Rob can you clarify what you classify as a ‘gritty back story’ please? Pretty sure I saw a post on SDB recently when someone was talking about a player with drafting potential who lost a parent when he was young and battled through all that and you said that was irrelevant?

    • Rob Staton says:

      No, I didn’t say that.

      I said that I didn’t believe Guice’s ‘backstory’ necessarily had impacted his football career. He lost a parent at a very young age. So did Ronald Jones II for what it’s worth. Both of their dads died when they were kids. People, including me, don’t talk about that with Ronald Jones II. It’s not always what determines ‘grit’.

      Ian Thomas lost his mother and father in the space of a year and was brought up with multiple siblings by an older brother. That’s a very different situation.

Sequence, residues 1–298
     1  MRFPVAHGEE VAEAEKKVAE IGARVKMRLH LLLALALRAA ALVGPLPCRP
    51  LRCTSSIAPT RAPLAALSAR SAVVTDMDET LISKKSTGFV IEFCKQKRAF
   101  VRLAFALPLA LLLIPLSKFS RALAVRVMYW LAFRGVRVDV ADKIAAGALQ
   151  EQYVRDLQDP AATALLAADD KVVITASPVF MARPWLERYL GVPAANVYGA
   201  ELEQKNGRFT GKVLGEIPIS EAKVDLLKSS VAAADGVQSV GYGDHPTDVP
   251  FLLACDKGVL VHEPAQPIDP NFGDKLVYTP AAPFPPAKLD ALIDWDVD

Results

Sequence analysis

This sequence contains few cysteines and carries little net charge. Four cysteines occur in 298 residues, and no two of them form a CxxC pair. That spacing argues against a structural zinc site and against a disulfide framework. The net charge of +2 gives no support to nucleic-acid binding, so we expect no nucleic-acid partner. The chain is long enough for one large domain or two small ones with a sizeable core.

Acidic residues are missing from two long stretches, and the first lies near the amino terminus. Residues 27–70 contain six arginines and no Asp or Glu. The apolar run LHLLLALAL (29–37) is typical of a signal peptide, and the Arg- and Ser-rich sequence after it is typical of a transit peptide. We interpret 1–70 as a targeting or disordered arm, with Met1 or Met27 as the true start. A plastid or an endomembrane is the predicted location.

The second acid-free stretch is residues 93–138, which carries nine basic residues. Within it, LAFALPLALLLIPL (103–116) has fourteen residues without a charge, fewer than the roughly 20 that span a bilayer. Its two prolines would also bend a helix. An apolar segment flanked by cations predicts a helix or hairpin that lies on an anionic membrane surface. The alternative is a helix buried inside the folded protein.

25. drewdawg11 says:

    Nice player, but I wouldn’t draft him before all of the other needs that we have. He’s not special enough for me to say go for it. If he were to fall to day 3, (and he might not), great. But I like 3-4 TEs better and a couple you could maybe get on day 3.

    • Hawk Eye says:

      yes, first 2 or 3 picks need to be special or have special potential if the Hawks are going to a contender again

  26. D-OZ says:

    Cole Madison set to visit the Hawks. LSU Basketball player 6′ 3″ 270 after an inspiring pro day, said he had already talked with the Hawks.